Amber Koonce speaks about how softball helped her fight Lou Gehrig’s Disease at the Jennie Finch Softball Camp in 2008. (American Press Archives)
Last Modified: Thursday, November 07, 2013 9:52 PM
Amber Koonce rose to the challenge in 2001 as a sophomore pitcher for the Sulphur High softball team, stepping into the pitcher’s circle and leading the Tors to a state championship.
In recent years, Koonce has faced amyotrophic lateral sclerosis, a terminal neuromuscular disease, displaying the same toughness that made her a champion on the softball diamond.
Koonce will have her No. 10 jersey retired tonight before the Sulphur football game against Comeaux. A host of former Lady Tors are returning home to take part in the ceremony. Koonce will be joined by husband Eddie Myers and 4-year-old son Owen.
Sulphur softball coach Julie Mancuso said Koonce always had the proper attitude to succeed on and off the field.
“She was an easy kid to coach; she had leadership qualities, as well as being a good athlete,” Mancuso said. “She had the respect of others, and at this point in her life she still does. She still displays those same qualities as far as fighting and being a true competitor. She has been an inspiration to so many and has really touched a lot of people.”
As a player, Koonce took over in the circle after the Tors lost their starting pitcher to injury. Sulphur beat Comeaux 2-1 in the championship game, which was held in Sulphur for the first time that year.
“We had split with Comeaux that season. It was kind of ironic that we played them,” Mancuso said.
“We weren’t even supposed to be there the way we started the season. It was one of those Cinderella seasons. It was unbelievable the way we were able to win it in Sulphur. The biggest challenge was getting the tournament there, I would have never dreamed that we would be able to win it, too. It was a very special season. Before the tournament one of our pitchers broke a finger and couldn’t pitch, so we moved her to third base and Amber was our only pitcher. She handled it and was a true leader for us.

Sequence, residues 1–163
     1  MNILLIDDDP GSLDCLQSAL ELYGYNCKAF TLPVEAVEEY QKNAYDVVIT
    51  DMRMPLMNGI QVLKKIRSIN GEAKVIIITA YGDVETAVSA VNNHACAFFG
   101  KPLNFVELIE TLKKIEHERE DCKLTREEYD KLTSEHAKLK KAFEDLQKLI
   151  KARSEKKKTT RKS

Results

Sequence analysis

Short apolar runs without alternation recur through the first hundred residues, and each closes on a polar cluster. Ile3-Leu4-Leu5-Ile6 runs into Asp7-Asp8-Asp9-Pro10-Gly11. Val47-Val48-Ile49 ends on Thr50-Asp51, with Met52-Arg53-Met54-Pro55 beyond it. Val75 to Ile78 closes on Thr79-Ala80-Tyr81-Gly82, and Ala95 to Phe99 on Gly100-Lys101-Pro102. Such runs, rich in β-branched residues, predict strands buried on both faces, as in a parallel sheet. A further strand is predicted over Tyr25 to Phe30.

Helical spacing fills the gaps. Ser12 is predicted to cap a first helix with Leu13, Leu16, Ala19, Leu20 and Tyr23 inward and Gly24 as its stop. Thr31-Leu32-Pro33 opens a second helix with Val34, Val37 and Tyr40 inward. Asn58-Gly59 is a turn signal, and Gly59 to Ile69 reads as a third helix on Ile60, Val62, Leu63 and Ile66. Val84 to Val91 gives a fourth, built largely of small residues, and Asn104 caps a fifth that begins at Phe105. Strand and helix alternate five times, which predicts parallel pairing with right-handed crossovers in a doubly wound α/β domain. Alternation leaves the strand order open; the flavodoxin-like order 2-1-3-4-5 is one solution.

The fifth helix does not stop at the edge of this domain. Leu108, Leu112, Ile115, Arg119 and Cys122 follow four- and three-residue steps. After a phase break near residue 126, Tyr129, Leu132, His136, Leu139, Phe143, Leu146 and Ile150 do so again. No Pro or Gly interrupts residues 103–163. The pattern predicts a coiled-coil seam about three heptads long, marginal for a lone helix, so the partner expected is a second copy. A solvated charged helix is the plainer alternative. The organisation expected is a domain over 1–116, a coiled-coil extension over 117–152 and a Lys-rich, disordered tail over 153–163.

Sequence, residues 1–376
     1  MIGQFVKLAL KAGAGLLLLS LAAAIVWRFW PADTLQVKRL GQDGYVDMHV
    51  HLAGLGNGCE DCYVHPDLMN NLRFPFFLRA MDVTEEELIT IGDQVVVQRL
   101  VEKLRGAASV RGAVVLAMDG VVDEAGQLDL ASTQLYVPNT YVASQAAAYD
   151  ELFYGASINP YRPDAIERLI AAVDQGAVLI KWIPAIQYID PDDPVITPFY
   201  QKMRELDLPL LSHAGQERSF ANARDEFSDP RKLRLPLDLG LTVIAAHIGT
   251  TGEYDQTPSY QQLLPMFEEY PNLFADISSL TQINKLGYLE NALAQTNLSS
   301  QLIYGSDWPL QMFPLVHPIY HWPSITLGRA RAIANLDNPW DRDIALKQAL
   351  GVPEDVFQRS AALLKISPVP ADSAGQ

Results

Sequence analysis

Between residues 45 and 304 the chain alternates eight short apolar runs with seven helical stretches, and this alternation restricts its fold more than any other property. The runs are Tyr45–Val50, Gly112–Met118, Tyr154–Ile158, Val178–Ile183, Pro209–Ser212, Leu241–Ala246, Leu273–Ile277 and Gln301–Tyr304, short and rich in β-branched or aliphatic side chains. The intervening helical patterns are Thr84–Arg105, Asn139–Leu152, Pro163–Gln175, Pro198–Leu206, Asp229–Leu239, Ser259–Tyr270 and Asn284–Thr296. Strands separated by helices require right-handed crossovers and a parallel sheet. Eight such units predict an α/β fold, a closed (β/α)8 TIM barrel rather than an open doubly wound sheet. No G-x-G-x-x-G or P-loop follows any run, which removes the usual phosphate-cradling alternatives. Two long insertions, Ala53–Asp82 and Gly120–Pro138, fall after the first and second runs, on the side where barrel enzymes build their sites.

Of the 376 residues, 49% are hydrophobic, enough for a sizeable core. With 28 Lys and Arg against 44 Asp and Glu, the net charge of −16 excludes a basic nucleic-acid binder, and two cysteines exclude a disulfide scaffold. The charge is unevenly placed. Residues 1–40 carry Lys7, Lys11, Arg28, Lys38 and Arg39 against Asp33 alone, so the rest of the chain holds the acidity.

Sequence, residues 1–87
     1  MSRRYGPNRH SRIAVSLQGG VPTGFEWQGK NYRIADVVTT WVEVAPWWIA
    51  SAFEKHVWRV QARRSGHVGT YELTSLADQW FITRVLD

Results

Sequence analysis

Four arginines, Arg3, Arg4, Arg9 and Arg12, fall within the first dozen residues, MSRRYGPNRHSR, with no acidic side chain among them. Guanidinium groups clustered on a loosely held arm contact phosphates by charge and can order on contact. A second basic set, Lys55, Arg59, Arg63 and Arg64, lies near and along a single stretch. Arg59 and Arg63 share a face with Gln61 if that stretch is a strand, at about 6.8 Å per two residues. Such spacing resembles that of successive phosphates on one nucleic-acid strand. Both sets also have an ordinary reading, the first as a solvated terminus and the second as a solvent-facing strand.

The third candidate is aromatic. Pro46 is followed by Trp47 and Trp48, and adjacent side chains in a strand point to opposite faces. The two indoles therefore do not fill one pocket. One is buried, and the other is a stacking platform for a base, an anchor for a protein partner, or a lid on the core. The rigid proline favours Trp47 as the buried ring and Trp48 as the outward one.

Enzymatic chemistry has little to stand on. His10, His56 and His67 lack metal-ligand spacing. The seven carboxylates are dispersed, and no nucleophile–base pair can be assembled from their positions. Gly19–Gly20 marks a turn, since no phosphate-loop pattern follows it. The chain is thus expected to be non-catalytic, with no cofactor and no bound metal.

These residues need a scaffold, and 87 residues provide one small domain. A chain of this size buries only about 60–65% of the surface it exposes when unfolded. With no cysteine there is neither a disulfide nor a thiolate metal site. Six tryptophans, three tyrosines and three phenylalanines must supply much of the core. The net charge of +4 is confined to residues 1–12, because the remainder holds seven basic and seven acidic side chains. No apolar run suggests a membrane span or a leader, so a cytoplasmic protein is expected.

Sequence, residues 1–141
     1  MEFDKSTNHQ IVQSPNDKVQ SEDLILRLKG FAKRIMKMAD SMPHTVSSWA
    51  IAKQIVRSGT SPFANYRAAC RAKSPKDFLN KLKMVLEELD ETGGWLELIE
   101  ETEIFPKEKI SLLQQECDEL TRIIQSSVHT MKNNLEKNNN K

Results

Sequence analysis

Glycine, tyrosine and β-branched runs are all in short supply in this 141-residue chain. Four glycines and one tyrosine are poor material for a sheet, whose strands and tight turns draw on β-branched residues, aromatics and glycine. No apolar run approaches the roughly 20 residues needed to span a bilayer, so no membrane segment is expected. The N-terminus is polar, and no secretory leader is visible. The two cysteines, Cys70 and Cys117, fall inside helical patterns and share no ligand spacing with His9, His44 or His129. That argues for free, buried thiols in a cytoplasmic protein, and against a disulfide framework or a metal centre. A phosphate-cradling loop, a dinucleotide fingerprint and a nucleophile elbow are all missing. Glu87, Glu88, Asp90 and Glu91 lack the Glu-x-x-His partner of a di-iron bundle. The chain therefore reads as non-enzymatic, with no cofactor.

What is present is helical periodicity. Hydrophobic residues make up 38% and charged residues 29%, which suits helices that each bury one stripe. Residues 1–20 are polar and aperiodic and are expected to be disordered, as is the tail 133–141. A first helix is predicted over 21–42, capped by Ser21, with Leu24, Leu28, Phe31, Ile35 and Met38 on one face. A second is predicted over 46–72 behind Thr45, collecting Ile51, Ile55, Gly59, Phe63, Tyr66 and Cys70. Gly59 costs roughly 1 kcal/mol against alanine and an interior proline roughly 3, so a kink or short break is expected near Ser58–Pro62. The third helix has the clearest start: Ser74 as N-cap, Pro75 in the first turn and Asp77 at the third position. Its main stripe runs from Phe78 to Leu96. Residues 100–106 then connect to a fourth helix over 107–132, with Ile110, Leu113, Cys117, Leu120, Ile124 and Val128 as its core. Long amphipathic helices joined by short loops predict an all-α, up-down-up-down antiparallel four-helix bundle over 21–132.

“She was one that was very mentally tough and strong in her faith. I really think that those qualities have inspired a lot of people. She was a friend of many. People liked her and still do. She helped others, led by example as far as hard work and determination and fight. If I had to pick an example of a player I would want my kids to pattern themselves after, it would be her.”
After graduating in 2003, Koonce remained involved in the program.
“She would come back and talk to the current players at the time, try to give them a pep talk,” Mancuso said. “We remained close after the diagnosis. I visit her from time to time.”
Koonce received the ALS diagnosis in 2008, when she was 23. Mancuso said the Sulphur softball family and the community have rallied around her.
“The response has been tremendous; it shows the community support here,” she said.
“Sulphur is a great place to be, as far as people rallying around each other — when things are good like when you are winning and even when things are tough like going through this. I talked with several former players from every class to help me do this, and the response has been overwhelming. They will be on the field with me. They made some shirts with No. 10 on the back. We have players coming back from as far as 1969-70. People have called and said they played in 1980 and asked if they can be a part of the ceremony. It is an example of the community in Sulphur and the pride from being a Lady Tor and the family connection there. We have a player from the 1994 championship team that is coming in from Colorado. It is going to be a neat thing, and I am glad Amber and her family is going to be able to experience this with us.”
The ceremony will be at 6:50 p.m., 10 minutes before kickoff.
“We will recognize her and there is a classmate of hers, Lauren Bowman, who happens to be a representative of Team Gleason (an organization that works to raise awareness of ALS founded by former New Orleans Saints defensive back Steve Gleason),” Mancuso said.
“She will be speaking on behalf of Team Gleason and helped get Amber in touch with Gleason.”
Mancuso said she has learned a lot from her relationship with Koonce.
“It puts things in perspective,” she said.
“Of course we teach the kids about the sport we coach, but even more so about life thereafter and how there is a carryover from the skills that you have to have as an athlete. She has done that. She displays a strong sense of faith, and you feel that when you are around her. She accomplished her life goals. She was married and had a son and earned a degree — all after she was diagnosed. That says something about her.”
Posted By: charlotte doty On: 11/8/2013
I lost my mom to ALS 2 years ago.stay strong and keep up the fight.
Posted By: Carol Lyons-Smith On: 11/8/2013
I was a lady tor in 1972 and 1974. We didn't have a team in 73...no coach. i will be at the game cheering.
Posted By: Eligha G On: 11/8/2013
God bless you Mrs. Koonce. Your skill, tenacity, and perseverance is an inspiration to many. With my experience with Parkinson disease, I have seen many people living with similar symptoms as you with ALS. Keep fighting, keep striving, and KEEP LIVING! God bless!